“You can imagine some sort of structure, almost like a Supreme Court, that is made up of independent folks who don’t work for Facebook, who ultimately make the final judgment call on what should be acceptable speech in a community that reflects the social norms and values of people all around the world,” Facebook boss Mark Zuckerberg had described the Board.
Only a quarter of the Oversight Board originates from the United States. That means three quarters of the censorship court comes from countries with no First Amendment. While people from outside the United States may believe in certain kinds of free speech, political speech in this country will be determined by a majority Third World board of left-leaning political activists.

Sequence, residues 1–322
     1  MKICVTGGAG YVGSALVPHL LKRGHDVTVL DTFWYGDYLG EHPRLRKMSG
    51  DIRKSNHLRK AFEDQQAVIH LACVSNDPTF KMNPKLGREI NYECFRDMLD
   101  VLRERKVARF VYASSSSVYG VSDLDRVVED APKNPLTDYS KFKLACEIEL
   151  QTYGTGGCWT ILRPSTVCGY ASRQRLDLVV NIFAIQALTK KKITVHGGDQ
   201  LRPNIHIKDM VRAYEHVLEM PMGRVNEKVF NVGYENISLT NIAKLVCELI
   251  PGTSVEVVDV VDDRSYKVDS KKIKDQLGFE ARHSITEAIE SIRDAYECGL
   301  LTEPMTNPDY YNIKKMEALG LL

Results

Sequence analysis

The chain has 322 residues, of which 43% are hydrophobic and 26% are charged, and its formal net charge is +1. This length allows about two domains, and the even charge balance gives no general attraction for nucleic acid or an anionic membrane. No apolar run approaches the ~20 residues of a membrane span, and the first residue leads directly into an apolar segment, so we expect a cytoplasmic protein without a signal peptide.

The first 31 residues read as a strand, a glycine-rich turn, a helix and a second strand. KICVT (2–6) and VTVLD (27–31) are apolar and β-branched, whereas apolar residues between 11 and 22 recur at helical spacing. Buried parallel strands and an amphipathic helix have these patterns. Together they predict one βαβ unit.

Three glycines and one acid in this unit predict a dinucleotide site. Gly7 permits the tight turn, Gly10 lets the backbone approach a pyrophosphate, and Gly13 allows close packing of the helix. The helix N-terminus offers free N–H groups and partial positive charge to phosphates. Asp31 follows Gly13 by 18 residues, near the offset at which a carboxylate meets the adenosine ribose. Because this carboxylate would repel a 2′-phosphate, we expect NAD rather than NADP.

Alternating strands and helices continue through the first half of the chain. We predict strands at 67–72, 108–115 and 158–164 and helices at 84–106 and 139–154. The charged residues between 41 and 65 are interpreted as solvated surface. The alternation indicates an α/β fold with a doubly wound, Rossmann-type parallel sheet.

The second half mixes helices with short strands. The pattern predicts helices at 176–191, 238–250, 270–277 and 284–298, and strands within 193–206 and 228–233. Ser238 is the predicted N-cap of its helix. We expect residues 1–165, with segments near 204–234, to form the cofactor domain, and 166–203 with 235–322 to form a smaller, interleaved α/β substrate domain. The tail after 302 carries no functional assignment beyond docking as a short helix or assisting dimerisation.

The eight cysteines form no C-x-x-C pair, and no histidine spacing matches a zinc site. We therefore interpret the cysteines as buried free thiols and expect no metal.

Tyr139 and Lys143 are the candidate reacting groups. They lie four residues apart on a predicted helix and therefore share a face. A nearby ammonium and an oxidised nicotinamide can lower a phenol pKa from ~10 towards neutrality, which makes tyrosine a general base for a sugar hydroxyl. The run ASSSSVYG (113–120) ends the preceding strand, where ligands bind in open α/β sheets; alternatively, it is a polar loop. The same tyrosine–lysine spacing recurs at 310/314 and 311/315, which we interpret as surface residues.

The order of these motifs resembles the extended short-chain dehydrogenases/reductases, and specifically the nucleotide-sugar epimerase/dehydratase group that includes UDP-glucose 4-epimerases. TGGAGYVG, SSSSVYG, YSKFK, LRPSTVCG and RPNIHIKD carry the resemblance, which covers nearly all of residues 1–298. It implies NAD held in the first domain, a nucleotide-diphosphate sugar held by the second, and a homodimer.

3 members of the 20 member board are Muslim or come from Muslim countries. Only one board member is Hindu. Considering that there are approximately 1.1 billion Hindus and 1.8 billion Muslims, the Facebook Oversight Board favors Muslim countries at the expense of Hindus.
Considering the pressure by Islamists and their allies to censor India’s Hindu political movements and civil rights organizations combating Islamic violence, this is troubling.
Of the 3 Muslim nationals, Kyle Shideler of the Center for Security Policy has noted that Tawakkol Karman was a top leader in a Muslim Brotherhood linked group with ties to Al Qaeda.
“The Brotherhood is a movement fighting for freedom," Karman wrote of the organization whose leaders have called for the murder of Jews and whose history includes Nazi collaboration.
Facebook has added an Islamist who believes that a theocracy will rule the region, and put her in charge of determining content moderation policies for the entire planet. A member aligned with a violently bigoted organization will help Facebook police “hate speech”.
These numbers make it clear that the Board is not proportional by population, and despite its international makeup, reflects the political agendas of Facebook’s left-leaning leadership.